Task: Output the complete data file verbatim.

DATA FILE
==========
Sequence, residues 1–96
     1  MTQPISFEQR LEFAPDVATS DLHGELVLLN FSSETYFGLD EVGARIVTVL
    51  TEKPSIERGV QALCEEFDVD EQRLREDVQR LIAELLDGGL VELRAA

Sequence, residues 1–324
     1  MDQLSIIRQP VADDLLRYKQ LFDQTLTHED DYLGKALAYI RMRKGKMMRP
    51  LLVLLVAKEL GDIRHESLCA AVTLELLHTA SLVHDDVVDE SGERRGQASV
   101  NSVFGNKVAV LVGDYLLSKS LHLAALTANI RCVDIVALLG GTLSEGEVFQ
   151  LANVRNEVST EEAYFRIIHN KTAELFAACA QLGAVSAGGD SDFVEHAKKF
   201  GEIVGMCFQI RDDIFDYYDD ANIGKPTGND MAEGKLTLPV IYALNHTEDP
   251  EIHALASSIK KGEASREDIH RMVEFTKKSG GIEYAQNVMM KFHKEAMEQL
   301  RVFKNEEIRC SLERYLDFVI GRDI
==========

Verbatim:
Sequence, residues 1–96
     1  MTQPISFEQR LEFAPDVATS DLHGELVLLN FSSETYFGLD EVGARIVTVL
    51  TEKPSIERGV QALCEEFDVD EQRLREDVQR LIAELLDGGL VELRAA

Sequence, residues 1–324
     1  MDQLSIIRQP VADDLLRYKQ LFDQTLTHED DYLGKALAYI RMRKGKMMRP
    51  LLVLLVAKEL GDIRHESLCA AVTLELLHTA SLVHDDVVDE SGERRGQASV
   101  NSVFGNKVAV LVGDYLLSKS LHLAALTANI RCVDIVALLG GTLSEGEVFQ
   151  LANVRNEVST EEAYFRIIHN KTAELFAACA QLGAVSAGGD SDFVEHAKKF
   201  GEIVGMCFQI RDDIFDYYDD ANIGKPTGND MAEGKLTLPV IYALNHTEDP
   251  EIHALASSIK KGEASREDIH RMVEFTKKSG GIEYAQNVMM KFHKEAMEQL
   301  RVFKNEEIRC SLERYLDFVI GRDI